Tuesday, November 22, 2011
Posted by Nick Toloudis at 6:28 PM
This past Sunday night, I walked up the hill for a lovely evening of music at One Longfellow Square. This was my second time at this venue, and I've grown very fond of it very quickly. In fact, I was first alerted to Sunday night's show at One Longfellow when I was there a couple of weeks ago to see Jorma Kaukonen. I had never even heard of Bearfoot until then.
I wasn't aware that there would be an opening act until after I arrived. Hoots and Hellmouth are a Philadelphia-based band--guitar, stand-up bass, drums, and mandolin--that played a mixture of mellow folk-rock and jazz, with a touch of spacey, psychedelic instrumentation. A couple of songs into the set, I found myself thinking about a group called The Secret Life of Sophia, which I saw open for the Black Spoons over 5 years ago, in New York City. TSLoS was a much harder, edgier group, but something about H&H's vibe reminded me of them. At any rate, the drummer was the man to watch, at least at first, as he switched off between sticks and brushes to dictate the feel of each piece. There were some great rocking moments on a song called "I Don't Mind Your Cussing" and there were some sweet harmonies, especially on something called "City Lights on a Country Ceiling." By the end of the set, though, I was paying more attention to the singer-guitarist, whose picking was nimble and confident. "Apple Like a Wrecking Ball" featured a particularly nice guitar part and, listening back to it now, courtesy of the band's website, it's making me want to buy their album. And I just might do it.
The featured act, Bearfoot, was every bit as good as I was hoping they'd be. They are a five-piece band--Angela Oudean on fiddle and Jason Norris on mandolin, Alaskans who founded the band 10 years ago, along with Nora Jane Struthers on guitar, PJ George on bass, and Todd Grebe (another Alaskan) on guitar--who play mostly original material (although I really enjoyed their cover of AP Carter's "Single Girl" and, for an encore, the Stanley Brothers' "Sweet Thing"). They performed all the songs from their recent album, American Story (2011), and they ranged from good to great. I was especially partial to the ones that Todd Grebe took the lead on--"Mr. Moonshine" and "Midnight in Montana" and "Must Be Hard Being You"--he apparently is in charge of the band's M songs. Nora Jane Struthers sang "When You're Away," the video for which One Longfellow had used to advertise the band when I saw Jorma Kaukonen there a couple of weeks ago. That's the one, in other words, that made me want to come see the band. She also sang a great song called "Country Girl Yodel #3," which isn't on the recent album, and one called "Come and Get Your Lonesome," which is.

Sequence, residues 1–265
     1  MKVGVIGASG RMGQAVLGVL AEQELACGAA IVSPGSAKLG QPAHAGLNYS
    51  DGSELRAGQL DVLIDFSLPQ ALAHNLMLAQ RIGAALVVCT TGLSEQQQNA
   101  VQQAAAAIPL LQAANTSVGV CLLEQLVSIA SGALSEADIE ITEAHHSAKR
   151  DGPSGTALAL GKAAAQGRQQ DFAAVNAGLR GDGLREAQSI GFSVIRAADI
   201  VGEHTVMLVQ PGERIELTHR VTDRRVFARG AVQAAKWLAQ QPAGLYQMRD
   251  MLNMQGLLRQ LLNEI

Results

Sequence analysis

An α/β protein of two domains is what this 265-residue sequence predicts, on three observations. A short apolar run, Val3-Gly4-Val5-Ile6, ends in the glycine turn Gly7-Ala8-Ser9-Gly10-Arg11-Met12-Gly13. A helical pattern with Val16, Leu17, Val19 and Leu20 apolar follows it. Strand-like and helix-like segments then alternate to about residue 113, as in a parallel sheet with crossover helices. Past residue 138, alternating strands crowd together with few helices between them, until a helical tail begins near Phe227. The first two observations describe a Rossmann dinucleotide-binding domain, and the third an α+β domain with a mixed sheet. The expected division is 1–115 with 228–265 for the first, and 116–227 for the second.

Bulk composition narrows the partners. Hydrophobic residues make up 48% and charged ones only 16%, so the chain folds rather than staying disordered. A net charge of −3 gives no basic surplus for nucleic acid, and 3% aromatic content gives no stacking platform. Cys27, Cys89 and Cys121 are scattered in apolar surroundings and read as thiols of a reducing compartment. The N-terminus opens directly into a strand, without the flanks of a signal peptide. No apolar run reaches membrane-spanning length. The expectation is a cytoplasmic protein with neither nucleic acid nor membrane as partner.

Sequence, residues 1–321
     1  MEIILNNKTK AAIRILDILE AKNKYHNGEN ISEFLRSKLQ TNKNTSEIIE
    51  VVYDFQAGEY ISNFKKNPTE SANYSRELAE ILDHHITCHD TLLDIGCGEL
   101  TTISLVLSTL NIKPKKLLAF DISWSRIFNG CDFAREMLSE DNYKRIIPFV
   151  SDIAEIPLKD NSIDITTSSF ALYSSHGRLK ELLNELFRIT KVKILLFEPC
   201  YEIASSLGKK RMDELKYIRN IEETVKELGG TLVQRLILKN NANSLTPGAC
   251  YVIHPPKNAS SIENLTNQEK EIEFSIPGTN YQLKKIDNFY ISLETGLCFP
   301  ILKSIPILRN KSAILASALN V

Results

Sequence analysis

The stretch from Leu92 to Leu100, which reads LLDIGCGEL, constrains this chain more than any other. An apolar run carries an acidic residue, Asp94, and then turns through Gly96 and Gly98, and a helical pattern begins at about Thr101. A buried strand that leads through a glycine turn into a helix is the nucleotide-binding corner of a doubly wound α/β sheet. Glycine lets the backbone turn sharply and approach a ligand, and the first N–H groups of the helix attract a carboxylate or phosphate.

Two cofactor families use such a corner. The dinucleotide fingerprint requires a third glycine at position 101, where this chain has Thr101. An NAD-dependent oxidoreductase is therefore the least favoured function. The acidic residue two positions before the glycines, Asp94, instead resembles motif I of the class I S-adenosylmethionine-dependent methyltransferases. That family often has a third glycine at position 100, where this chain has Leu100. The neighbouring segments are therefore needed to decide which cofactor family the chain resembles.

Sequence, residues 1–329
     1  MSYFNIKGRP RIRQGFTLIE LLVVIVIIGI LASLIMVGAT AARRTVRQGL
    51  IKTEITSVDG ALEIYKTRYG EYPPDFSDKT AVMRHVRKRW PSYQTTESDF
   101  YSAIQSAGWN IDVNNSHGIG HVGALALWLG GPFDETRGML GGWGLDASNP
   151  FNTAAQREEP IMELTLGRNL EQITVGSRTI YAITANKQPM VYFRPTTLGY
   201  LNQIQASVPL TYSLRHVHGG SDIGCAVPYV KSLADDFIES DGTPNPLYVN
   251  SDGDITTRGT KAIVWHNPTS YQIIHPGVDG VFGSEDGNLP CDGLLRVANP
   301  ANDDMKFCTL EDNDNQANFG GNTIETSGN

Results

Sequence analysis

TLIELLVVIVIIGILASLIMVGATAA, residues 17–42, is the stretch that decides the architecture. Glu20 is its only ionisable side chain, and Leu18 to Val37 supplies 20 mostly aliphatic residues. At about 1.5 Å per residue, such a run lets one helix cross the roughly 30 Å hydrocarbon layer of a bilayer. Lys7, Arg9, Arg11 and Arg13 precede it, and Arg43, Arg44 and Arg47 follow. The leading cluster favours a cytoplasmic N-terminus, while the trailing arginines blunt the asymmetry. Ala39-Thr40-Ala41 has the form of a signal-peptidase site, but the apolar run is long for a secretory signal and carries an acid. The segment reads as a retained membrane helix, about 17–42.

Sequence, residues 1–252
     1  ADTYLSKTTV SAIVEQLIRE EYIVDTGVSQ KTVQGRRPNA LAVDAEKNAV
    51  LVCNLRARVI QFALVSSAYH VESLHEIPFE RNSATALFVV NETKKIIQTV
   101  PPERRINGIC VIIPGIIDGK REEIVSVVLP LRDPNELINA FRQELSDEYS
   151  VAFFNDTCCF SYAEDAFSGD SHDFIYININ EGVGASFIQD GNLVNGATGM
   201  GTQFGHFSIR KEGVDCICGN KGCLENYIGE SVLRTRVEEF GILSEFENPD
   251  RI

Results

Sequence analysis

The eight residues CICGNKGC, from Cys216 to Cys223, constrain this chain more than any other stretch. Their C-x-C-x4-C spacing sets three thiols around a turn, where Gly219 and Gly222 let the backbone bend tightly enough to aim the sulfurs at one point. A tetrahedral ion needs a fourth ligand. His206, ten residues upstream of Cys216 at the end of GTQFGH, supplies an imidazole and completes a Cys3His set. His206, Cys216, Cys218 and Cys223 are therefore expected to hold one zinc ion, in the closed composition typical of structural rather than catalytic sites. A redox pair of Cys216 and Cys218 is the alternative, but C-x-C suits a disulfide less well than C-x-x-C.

Their music was mostly upbeat, and each band member had a moment to shine. PJ George had a solo or two, but he mostly was unobtrusive, alternating between stand-up bass and bass guitar. He was there to serve the songs, and I actually found myself paying a lot of attention to him, precisely because of how understated he was. I understand he's a newer member of the band--I hope for their sake he stays. Jason Norris sang some great harmonies and played some loud, flashy mandolin solos, although there was some problem with the placement of his mandoline mic for the first couple of songs. Angela Oudean had some tasty solos and harmonized wonderfully in song after song. And Nora Jane Struthers and Todd Grebe, newer members of the band (I've since learned) who did the lion's share of the songwriting for the recent album, were excellent hosts, introducing songs, chatting up the audience, and singing and playing with a lot of enthusiasm. At one point, the men left the stage, leaving Angela and Nora Jane alone to sing a duet. It took an uncomfortably long time for Angela to get her guitar in tune, leaving her bandmate to make small talk with the audience. During this sequence, Todd Grebe poked his head out from backstage and gestured intently to his watch. The song that the two women sang, "Romance," wound up being the only one for the duo, as the guys came back to help out with "Country Girl Yodel #3."
On my way out, I shook hands with a couple of members of each band. A bit tired, as the adrenaline rush of the show was already ebbing, I didn't stop to chat and pay them the big compliments they deserved. According to their website, Bearfoot won't be playing another show around here for awhile. But they're worth seeking out.